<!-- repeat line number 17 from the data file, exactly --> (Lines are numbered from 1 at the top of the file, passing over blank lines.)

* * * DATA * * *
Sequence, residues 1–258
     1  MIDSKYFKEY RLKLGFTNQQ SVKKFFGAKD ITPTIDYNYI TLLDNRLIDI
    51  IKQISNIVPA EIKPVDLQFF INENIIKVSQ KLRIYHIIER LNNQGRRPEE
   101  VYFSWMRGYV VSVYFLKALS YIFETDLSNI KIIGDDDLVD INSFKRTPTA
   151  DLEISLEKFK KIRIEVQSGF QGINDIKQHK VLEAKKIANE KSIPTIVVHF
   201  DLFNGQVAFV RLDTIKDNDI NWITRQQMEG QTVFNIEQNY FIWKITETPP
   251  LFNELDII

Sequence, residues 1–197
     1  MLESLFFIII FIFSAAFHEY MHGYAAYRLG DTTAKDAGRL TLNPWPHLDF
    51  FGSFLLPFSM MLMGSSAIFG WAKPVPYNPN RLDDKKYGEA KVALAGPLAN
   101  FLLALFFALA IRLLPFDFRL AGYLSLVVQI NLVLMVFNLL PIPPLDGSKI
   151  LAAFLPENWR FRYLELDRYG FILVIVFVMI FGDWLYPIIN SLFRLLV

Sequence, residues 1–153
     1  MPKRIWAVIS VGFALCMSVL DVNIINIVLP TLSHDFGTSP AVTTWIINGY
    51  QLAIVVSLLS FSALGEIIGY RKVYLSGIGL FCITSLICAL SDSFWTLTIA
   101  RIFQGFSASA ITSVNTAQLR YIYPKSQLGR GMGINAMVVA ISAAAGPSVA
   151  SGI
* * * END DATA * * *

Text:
   151  SGI